The shadows were deepening to dusk, stretching like giants across the deserted street. The sun, glowing like molten gold, sunk down below the horizon.
The echo of footsteps bounced off the tall, run-down buildings looming over the street. A shadowy figure walked cautiously out from behind a building, casting a quick, searching look across the empty avenue. No one else was there. It leaned against the eroded brick wall, and the face was caught by the dim streetlight.
He was a tall man of, of perhaps 40 or 50 years; his features were sharply carved, and lined with deep creases. The dark, watchful eyes were still scanning the street warily – waiting for something, or someone.
The long minutes passed in watchful silence. The man did not stir.
Then another figure peered from around the corner, closely followed by another. The man's hands moved with surprising agility towards his pocket, but quickly relaxed. The two others hurried forward, catching sight of him. No word was passed until they had reached him.
"You shouldn't have come together," he said in a low voice.
"We weren't followed," said one of the others. A woman, by the sound of her voice – she removed her hood, revealing a waterfall of black hair and olive green eyes. Her companion, too, took off his hood. He resembled her greatly: the same eyes, the same jet black hair. He glanced around the street several times, his green eyes penetrating the shadows, before saying in a low voice, "Are you certain?"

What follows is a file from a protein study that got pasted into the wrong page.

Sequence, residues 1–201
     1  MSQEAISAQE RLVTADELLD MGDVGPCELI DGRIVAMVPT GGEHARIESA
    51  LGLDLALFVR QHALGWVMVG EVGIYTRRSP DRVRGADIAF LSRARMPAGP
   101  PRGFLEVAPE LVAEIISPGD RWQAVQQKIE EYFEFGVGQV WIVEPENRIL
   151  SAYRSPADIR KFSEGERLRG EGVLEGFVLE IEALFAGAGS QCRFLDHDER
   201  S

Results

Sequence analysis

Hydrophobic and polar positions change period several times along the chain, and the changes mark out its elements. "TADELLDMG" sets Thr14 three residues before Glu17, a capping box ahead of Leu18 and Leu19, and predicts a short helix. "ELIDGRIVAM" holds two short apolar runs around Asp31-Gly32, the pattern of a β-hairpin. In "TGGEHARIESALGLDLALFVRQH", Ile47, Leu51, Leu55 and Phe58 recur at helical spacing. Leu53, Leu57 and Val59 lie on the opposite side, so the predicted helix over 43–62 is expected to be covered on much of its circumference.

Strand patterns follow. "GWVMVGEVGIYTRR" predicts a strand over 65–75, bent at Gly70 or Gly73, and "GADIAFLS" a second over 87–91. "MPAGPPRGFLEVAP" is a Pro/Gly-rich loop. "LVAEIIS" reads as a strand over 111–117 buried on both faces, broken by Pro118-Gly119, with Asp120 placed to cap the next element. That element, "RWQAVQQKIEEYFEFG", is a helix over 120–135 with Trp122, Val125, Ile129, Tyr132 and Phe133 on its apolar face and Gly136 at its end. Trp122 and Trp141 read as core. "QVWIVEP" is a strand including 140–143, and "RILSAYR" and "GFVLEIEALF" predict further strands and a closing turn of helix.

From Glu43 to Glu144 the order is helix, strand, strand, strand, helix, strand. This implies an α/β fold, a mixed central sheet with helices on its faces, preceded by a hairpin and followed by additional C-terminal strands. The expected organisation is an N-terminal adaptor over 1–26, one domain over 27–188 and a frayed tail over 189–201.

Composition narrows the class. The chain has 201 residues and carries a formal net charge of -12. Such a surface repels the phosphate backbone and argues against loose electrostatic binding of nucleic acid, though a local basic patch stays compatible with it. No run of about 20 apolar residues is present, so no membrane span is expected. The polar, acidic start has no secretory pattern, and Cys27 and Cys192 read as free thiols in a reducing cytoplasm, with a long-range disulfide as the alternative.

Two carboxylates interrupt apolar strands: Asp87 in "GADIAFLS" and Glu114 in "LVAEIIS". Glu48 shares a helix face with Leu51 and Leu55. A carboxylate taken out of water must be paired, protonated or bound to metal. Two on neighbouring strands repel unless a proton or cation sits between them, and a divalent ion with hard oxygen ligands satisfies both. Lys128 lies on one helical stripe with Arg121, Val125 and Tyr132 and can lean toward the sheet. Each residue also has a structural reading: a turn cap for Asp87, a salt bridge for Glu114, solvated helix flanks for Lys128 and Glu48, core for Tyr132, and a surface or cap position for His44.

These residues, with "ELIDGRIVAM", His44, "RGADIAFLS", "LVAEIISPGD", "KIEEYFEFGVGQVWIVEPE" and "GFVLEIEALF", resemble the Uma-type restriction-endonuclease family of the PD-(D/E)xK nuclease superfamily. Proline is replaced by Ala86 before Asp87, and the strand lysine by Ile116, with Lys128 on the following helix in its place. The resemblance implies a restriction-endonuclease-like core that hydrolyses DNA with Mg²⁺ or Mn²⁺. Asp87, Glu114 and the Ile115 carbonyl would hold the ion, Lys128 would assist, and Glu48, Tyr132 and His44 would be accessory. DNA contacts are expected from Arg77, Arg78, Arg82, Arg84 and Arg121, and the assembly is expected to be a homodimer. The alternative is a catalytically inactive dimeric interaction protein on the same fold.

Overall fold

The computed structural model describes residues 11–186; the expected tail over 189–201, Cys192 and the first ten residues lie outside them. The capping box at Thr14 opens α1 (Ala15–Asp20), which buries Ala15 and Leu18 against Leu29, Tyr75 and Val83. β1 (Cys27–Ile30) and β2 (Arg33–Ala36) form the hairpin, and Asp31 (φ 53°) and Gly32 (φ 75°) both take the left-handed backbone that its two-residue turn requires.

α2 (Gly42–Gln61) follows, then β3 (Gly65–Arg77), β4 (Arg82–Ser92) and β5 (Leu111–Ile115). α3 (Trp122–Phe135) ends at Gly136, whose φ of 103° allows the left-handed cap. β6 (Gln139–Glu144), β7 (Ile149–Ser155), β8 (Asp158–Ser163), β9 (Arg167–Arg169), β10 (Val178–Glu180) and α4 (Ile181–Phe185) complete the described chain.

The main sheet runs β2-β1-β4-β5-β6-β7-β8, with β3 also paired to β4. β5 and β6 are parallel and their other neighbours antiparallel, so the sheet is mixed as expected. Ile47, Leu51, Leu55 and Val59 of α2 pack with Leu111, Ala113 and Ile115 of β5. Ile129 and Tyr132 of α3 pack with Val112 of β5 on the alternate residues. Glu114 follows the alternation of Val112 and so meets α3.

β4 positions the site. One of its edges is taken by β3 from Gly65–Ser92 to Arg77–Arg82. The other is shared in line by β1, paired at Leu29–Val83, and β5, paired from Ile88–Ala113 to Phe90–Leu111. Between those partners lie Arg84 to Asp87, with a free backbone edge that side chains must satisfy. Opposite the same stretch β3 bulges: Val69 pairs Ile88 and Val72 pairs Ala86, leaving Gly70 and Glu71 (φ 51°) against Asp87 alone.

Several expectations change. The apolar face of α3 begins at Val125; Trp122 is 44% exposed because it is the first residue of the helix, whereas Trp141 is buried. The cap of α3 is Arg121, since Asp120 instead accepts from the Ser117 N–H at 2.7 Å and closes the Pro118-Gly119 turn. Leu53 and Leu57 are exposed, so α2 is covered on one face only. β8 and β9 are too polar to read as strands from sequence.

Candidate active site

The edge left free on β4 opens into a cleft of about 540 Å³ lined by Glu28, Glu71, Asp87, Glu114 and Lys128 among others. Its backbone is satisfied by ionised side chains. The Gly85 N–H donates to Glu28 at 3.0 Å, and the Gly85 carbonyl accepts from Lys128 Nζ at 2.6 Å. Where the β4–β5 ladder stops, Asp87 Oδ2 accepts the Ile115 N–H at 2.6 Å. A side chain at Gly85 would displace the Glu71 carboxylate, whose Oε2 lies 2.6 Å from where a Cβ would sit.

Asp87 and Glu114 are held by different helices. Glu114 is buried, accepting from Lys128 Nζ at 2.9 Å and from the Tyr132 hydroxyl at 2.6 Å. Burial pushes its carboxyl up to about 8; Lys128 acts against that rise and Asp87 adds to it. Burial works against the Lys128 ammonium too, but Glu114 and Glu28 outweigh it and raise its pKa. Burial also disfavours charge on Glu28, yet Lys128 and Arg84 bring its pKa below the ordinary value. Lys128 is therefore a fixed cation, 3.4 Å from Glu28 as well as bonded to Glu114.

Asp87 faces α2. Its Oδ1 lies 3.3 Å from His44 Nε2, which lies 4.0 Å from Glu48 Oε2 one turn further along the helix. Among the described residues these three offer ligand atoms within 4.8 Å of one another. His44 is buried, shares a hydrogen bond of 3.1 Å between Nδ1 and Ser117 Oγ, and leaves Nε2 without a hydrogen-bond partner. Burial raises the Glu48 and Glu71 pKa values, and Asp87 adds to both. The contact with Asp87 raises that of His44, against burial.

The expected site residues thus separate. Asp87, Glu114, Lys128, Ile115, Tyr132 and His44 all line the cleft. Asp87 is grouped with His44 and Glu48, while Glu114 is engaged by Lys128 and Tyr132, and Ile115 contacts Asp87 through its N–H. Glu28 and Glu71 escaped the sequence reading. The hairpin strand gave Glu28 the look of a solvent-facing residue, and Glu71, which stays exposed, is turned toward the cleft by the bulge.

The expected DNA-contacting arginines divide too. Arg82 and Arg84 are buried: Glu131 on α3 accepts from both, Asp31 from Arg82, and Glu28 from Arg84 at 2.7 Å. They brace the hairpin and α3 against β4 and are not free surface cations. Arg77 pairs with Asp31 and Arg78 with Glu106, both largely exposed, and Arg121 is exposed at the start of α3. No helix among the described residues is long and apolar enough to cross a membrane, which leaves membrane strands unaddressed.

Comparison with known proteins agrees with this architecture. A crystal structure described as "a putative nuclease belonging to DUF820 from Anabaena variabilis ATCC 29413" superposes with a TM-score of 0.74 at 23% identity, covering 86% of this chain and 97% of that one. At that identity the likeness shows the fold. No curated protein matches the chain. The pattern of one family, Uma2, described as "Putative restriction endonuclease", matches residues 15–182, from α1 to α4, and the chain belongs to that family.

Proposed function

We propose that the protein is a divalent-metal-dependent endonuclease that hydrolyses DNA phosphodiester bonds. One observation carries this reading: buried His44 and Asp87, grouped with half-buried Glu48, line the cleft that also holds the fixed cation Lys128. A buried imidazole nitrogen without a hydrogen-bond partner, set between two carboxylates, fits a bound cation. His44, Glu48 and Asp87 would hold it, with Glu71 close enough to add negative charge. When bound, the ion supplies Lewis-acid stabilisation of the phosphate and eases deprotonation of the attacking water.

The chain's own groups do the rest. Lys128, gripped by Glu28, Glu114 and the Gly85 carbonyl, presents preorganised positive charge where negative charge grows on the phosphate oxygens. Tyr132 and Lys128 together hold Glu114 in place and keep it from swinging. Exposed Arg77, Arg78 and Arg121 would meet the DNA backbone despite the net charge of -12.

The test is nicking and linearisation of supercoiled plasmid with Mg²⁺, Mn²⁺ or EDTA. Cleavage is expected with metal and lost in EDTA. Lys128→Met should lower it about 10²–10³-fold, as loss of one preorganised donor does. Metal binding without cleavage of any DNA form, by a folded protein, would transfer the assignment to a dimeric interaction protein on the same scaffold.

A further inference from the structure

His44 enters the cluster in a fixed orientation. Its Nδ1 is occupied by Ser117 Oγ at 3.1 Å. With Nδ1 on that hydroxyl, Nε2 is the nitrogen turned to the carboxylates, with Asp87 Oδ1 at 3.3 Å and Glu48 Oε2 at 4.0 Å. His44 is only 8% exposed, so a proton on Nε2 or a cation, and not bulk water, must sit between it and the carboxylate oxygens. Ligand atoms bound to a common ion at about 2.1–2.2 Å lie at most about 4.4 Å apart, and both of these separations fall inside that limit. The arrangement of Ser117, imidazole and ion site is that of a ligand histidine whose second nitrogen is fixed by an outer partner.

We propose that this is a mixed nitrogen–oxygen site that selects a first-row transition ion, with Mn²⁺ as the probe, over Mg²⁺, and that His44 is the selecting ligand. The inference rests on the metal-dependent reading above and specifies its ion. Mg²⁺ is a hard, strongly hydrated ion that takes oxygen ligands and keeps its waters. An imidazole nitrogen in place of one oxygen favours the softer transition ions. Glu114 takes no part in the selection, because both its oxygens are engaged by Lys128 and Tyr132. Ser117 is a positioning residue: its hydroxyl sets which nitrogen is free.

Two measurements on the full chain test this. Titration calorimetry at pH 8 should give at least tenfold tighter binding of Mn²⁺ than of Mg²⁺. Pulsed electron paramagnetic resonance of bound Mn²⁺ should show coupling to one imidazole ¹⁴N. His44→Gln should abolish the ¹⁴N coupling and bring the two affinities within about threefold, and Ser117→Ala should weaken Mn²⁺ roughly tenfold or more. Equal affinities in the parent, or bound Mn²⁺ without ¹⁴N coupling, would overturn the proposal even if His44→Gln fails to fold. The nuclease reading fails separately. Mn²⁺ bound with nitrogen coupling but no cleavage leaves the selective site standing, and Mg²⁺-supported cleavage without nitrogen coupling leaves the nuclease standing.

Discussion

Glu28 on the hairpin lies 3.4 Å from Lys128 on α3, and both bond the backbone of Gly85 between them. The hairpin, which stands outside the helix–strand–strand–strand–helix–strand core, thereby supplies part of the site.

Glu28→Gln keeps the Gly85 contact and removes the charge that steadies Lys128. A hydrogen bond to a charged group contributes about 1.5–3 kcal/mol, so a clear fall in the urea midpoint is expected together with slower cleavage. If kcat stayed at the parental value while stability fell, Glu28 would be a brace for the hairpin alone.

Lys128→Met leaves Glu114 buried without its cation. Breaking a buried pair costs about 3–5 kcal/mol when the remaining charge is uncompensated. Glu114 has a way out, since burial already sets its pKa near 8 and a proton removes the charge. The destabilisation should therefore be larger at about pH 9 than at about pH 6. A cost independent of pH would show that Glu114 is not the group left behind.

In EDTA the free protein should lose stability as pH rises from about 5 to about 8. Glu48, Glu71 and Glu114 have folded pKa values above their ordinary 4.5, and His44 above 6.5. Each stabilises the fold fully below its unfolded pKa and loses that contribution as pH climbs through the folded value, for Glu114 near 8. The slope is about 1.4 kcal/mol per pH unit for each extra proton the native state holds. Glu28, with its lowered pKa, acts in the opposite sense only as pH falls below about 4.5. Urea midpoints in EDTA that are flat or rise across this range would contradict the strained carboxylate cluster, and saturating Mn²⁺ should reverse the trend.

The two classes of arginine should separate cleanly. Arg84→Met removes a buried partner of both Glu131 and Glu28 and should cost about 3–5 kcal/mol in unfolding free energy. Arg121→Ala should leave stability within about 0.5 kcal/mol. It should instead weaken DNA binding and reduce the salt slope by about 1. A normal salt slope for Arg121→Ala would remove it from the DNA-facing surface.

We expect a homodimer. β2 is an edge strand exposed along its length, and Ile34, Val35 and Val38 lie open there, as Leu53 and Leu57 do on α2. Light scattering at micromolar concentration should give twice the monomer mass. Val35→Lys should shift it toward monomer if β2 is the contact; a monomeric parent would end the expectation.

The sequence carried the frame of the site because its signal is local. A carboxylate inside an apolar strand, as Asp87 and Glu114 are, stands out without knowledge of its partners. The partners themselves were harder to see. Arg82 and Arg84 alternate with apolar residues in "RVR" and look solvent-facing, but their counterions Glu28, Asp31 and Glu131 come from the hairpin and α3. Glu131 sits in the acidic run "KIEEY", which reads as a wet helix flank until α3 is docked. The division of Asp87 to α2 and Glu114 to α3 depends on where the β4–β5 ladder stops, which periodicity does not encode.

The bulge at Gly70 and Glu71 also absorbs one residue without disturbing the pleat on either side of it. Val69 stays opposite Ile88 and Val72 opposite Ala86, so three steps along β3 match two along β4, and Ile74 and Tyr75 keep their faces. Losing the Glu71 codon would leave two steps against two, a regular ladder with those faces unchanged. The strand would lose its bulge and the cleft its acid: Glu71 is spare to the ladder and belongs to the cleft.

"Absolutely," responded the first.
"We've had false alarms before," the woman said. "This could even be a trap. How sure are you?"
"How sure can we be of anything? I'm as sure of this as is possible."
This seemed good enough for the woman, for she fell silent. After a moment, the man continued.
She was born several days ago, in a place near here. The specifics," he said, handing each of them an envelope, "are in here."
"And the plan?" the second man asked. "Have you any ideas yet?"
"Yes. I believe I have found a way. You see, her mother died in childbirth." He fixed his gaze upon them. "She shall need a mother."
The woman raised her piercing green eyes up to meet his dark ones. "You mean…?"
The other man looked thoughtful. "That may work…" he said slowly. "She'd be able to protect her this way. I think this is our best chance."
The first one continued to watch the woman. "Is this all right with you? It would be a burden."
She smiled in a nervous sort of way. "It would be an honor," she said. "I- I don't know whether I'll succeed, but I shall try."
He placed a hand on her shoulder. "Thank you," he said. "And you shall not be alone. Your brother can help you."
The second man nodded. "We shall do our best." He glanced at his sister, then at the other man. "We should contact the hospital directly."
The first man shook each of their hands. "Good luck," he said. "If you need anything, contact me. I shall be near. And remember – she cannot find out, or all is lost."
A final nod passed between them. He passed off into the shadows once more.